Beauty from Ashes

"They will be called oaks of righteousness; a planting of the Lord for the display of His splendor." Isaiah 61:3

This Momentary Marriage: Chapter 2 April 18, 2010

Filed under: Uncategorized — katiemears @ 2:54 am

This chapter in the book was entitled: Naked and Not Ashamed. Genesis 2:24-25 states, “A man shall leave his father and his mother and hold fast to his wife, and they shall become one flesh. And the man and his wife were both naked and were not ashamed.” In this chapter, Piper delves into the meaning of this often-overlooked verse, verse 25.

Piper discusses two reasons that the man and woman may have been unashamed in their nakedness. The first is that their bodies were completely perfect. While this may have been true for Adam and Eve, it certainly is not for us. The reason, however, is because of the covenant love which we discussed in Chapter 1. Because of the love that I know my husband has for me, I can be unashamed. Although I am not perfect, I have no fear that I would be anything less than perfect in the eyes of my husband. Is it this way because my husband is the perfect husband? No. It is because he is gracious, forgiving, and he loves me with the love with which Christ loves his church, covenant-love. This love, covenant-love, covers all flaws which exist in us individually, and in our relationship. “Above all, love each other deeply, because love covers a multitude of sins.” 1 Peter 4:8.

We all know that the tree from which Eve eats the fruit and gives the fruit to Adam is called the “Tree of the Knowledge of Good and Evil.” Well, it turned out that the knowledge which Eve and Adam gained from eating from this tree was the knowledge of their nakedness and, in turn, shame. Their covenant collapsed when Adam listened to his wife’s voice and she led him into sin. Suddenly, they both became aware of their own flaws. They began to feel shame for two reasons: They could no longer trust the other person (because of the collapse of their covenant) to see them as perfect and, they saw within themselves guilt.
The greatest point I think Piper makes in this chapter, though, is the idea that, in the garden, came the origin of hypocrisy when Adam and Eve attempted, in their shame, to clothe themselves. They were attempting to hid their sin and rebellion from God. When Adam and Eve saw that they were naked, they attempted to conceal themselves with loincloths made of leaves but, God made better clothes for them with animal skins. Some may say God was assisting them in covering their sin but Piper states, “This was not only a witness to the glory we lost and a confession that we are not what we should be, but it is also a testimony that God himself would one day make us what we should be.” None of us are capable of anything without God. We need Him. It is repeatedly evident in my life that, when I attempt things in my power, I fail miserably, until I invite God in to do it much better.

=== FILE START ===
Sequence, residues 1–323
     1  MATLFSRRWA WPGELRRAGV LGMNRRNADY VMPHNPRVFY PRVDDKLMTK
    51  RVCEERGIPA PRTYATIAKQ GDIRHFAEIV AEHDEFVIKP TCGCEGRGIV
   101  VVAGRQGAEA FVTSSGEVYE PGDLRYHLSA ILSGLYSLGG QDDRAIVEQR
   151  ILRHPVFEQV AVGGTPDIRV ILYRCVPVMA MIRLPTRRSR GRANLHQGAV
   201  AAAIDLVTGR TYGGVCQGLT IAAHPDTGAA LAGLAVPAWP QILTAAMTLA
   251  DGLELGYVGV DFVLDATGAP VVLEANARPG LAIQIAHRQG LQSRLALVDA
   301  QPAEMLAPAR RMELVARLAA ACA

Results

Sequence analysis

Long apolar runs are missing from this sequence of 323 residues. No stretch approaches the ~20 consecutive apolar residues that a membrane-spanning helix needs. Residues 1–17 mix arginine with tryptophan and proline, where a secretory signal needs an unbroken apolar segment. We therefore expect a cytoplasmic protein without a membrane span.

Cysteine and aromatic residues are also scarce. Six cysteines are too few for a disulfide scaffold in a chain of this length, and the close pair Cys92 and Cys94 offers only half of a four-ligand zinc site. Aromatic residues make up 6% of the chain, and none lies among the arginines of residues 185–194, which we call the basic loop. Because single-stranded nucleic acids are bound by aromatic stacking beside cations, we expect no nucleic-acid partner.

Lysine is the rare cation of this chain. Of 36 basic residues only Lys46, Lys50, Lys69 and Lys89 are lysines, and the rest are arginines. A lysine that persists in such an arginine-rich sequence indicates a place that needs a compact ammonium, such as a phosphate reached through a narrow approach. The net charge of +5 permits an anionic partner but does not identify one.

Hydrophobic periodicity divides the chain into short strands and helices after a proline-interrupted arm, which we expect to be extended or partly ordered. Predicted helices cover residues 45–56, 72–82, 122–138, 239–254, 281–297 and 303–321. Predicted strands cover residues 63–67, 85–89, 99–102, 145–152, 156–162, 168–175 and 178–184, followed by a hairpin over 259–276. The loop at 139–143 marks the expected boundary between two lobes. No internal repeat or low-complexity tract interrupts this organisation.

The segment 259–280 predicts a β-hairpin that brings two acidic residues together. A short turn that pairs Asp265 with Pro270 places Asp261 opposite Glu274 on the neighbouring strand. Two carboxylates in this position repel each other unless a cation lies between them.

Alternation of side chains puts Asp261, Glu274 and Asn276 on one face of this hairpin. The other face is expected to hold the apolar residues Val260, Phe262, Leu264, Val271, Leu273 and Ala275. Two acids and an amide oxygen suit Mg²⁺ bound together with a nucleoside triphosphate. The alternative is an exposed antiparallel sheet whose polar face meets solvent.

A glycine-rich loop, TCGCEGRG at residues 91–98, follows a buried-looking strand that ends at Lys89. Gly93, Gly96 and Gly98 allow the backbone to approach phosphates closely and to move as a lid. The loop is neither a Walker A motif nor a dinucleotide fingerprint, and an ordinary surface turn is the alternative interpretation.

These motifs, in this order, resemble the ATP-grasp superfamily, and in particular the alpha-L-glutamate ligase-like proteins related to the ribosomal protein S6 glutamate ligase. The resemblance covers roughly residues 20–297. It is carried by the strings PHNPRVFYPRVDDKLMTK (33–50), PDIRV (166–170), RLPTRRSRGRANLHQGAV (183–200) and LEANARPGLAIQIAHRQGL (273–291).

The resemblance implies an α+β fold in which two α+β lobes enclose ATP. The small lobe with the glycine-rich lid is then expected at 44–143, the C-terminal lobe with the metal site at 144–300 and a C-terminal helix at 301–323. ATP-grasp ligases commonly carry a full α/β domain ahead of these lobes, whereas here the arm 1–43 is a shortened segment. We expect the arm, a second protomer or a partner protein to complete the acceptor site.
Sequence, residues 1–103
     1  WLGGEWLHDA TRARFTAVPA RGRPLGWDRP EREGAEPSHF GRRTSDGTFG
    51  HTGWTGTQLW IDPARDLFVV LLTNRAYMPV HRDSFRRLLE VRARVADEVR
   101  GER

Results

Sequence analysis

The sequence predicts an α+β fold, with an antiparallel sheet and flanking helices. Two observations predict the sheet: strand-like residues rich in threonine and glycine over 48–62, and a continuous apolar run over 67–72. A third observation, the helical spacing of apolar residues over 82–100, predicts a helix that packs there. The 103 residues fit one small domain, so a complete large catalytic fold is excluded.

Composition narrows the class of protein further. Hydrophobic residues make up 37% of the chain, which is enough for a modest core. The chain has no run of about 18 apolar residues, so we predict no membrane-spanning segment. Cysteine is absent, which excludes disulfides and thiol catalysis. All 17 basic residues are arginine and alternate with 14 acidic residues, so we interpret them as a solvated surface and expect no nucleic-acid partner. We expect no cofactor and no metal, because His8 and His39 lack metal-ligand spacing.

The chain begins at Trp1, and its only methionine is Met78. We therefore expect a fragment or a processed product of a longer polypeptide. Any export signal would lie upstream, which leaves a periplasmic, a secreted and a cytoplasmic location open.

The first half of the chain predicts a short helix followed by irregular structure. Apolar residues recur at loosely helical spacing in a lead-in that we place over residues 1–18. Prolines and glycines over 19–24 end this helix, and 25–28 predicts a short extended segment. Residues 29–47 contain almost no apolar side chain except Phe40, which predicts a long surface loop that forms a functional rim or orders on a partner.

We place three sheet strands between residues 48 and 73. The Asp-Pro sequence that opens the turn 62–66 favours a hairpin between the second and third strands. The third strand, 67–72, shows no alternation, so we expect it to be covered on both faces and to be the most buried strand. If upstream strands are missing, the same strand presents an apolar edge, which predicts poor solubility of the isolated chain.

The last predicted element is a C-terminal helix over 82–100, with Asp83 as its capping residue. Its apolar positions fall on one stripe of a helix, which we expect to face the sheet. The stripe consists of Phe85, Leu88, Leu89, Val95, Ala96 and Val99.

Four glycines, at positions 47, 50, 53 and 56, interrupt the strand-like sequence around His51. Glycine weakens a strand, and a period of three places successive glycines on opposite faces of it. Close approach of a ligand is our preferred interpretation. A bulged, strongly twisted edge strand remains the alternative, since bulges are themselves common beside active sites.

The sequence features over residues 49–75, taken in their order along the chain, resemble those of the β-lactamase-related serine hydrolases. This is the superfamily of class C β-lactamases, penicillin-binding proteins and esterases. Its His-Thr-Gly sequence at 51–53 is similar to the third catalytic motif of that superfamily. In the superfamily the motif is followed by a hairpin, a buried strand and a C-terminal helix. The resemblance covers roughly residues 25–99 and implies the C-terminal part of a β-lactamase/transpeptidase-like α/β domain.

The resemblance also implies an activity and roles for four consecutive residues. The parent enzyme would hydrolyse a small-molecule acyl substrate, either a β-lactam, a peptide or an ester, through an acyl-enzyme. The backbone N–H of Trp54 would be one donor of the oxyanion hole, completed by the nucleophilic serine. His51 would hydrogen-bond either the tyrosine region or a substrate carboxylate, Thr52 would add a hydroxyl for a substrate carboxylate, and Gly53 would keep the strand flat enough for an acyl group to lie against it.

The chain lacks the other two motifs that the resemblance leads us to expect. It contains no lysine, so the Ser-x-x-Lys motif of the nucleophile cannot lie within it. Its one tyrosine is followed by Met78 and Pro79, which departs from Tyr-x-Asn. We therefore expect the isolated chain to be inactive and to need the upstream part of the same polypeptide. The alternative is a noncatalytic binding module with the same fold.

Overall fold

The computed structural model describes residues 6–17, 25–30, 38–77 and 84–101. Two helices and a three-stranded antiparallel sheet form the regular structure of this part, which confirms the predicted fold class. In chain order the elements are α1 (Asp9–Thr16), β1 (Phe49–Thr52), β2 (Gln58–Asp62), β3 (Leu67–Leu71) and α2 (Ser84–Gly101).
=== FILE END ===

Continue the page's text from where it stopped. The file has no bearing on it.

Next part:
Although Adam and Eve, in the garden, took something so perfect and pure as their marriage covenant and ruined it, God knew that they would. However, when He clothes them better than they themselves could, He exercises mercy upon them and their marriage.
Thus, our marriages don’t have to be perfect. We will mess up. I will fail Michael and he will fail me. I will lead him to sin and he me. But, because of God’s great mercy and the picture of mercy that we have in the Cross, it can be redeemed. If we remain faithful to each other and faithful to Him, He will continue to display that covenant which exists between He and His church.

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